Loughcrew Hill View

On the Ground in County Meath

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The popular name of the Loughcrew megalithic site is, “The Hill of the Witch” (In Irish, Sliabh na Caillí). In lore sites such as this are associated with The Others (“fairies”), living lives parallel and invisible to ours, touched now and then with resolutely ill effect to our side though sometimes theirs as well. Resolute as in these meetings are fated to end poorly unless…..unless the mortal knows the rules. “If you are ever in an Other’s mansion for a party never, ever eat or drink anything. Eating or drinking will condemn you to an eternal round of parties. You will dance till dropping every night.” Rules such as that, and others, can be used to turn the tables, gain an advantage, of beings from the Other Side.
The story of my wife, Pam, how our lives came to be touched by this afternoon of May 27, 2014, is parallel to the tales of mortals benefiting from contact with The Others. The immediate source was the passing of my mother, Catherine Ann Wills (McCardle), at the age of 90. Mom’s passport gave her place of birth as Proleek, a place in Louth. My maternal grandmother, Mary Catherine McCardle (Mills) spoke with a brogue, less a lilt than a down to earth and kind warmth. I remembered the stories of Mom’s passage to Canada with her mother and father in 1926 at the age of three. The Ireland connection with my father was less direct as I never met his mother as an adult and we seldom spoke of her. It was left to me in the time between my Mom’s passing, an invitation for a visit from our cousin’s in County Louth, and our arrival May 2014 to understand more about Elizabeth (Duffy) Wills, my paternal grandmother.
In this way, I discovered Elizabeth came from a family of Dunderry, County Meath, Ireland, her parents Matthew and Teresa (Plunket) Duffy; our tour of Ireland came to start from a bed and breakfast near Trim, County Meath, with Dunderry up the road. May 27th, we planned as an exploration of all things County Meath, to include Loughcrew, the highest point of the county in the west.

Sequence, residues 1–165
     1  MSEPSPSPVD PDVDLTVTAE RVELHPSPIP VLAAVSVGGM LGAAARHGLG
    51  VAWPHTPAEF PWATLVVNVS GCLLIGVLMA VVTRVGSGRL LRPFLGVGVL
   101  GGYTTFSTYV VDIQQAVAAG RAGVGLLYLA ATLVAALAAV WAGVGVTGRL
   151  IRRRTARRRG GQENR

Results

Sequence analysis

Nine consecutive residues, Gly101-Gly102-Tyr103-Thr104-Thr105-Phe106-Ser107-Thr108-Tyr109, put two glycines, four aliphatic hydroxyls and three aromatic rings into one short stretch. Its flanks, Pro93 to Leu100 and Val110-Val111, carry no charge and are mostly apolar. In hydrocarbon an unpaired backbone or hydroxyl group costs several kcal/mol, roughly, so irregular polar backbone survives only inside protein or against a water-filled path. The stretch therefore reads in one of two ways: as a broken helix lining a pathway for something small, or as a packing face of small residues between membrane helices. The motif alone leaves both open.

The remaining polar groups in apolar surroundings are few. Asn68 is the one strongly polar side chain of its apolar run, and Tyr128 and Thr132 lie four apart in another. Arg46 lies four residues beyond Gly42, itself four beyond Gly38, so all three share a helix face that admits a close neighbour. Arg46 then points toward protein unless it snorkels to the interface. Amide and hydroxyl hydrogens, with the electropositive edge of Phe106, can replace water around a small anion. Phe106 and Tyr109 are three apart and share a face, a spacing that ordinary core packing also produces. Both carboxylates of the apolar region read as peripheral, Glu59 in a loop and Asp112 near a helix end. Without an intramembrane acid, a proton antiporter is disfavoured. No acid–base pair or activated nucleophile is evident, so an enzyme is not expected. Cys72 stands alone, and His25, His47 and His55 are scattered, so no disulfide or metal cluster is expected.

Along the steep path to the hilltop a hawthorn tree covered with flowers and offerings welcomes visitors. May is the month for decorating hawthorns, the blossoms are also known as “Mayflowers” as in the ship the pilgrims sailed to Plymouth Rock.

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Pam and Hawthorn– CLICK ME!!!!

As if we entered a gateway, when pausing and turning high on the hill, this view was revealed, otherworldly in its fullness, scope and wonder.
Cairnbane East of the Loughcrew Cairns site, County Meath Ireland, is also known as Hag’s Mountain. We are looking south, southwest from the north side toward Cairnbane West. Flowering yellow whin bush, also known as gorse, is in foreground; white flowering hawthorn trees in distance. No elements of this photograph hint at the year 2014.

Hag's– CLICK ME!!!!

A solitary standing stone below the trail to the Loughcrew site surrounded by whin bush in yellow flower and white blooms of hawthorn hedge rows. A fieldstone fence, farmhouses, a patchwork quilt of fields completes the view.

Hag's– CLICK ME!!!!

Meanwhile, in the real world, when Pam and I complete our round of the island to return to my cousins in County Louth, they told us, on this day, two young men were discovered parked next to a nearby lough, murdered during a drug deal gone bad.

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Copyright 2017 Michael Stephen Wills All Rights Reserved

The Cloigtheach of Glendalough

A fine round stone tower of mica slate and granite

Cloigtheach is the Irish language name for a round stone tower.  The word’s literal meaning is “Bell House.”  This fine example of mica slate and granite is found in the Glendalough valley of County Wicklow, Ireland.

The sun was past noon when we arrived at this glacial valley of the Wicklow mountains.  In the few hours available I shot the tower from numerous angles and chose this because the tower is placed in the larger natural environment, viewed as a singular object apart from the monastic city the tower is placed among.

The Cloigtheach of Glendalough– CLICK ME!!!!

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Saint Kevin founded a monastic settlement within Glendalough valley almost 1,500 years ago, in the late 6th century A.D. As a religious center the monastery flourished for 600+ years, becoming a monastic city. Destroyed by English forces in 1398, it was disestablished at that time. Still, Glendalough served as a pilgrimage destination through the intervening centuries. The surviving buildings date from the 10th through 12th centuries.

Rebuilding and restoration efforts began 1876, including the roof of this tower using original stones. At 30.48 meters (100 feet) tall the Cloigtheach of Glendalough is the landmark by which the site is known.

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Copyright 2017 Michael Stephen Wills All Rights Reserved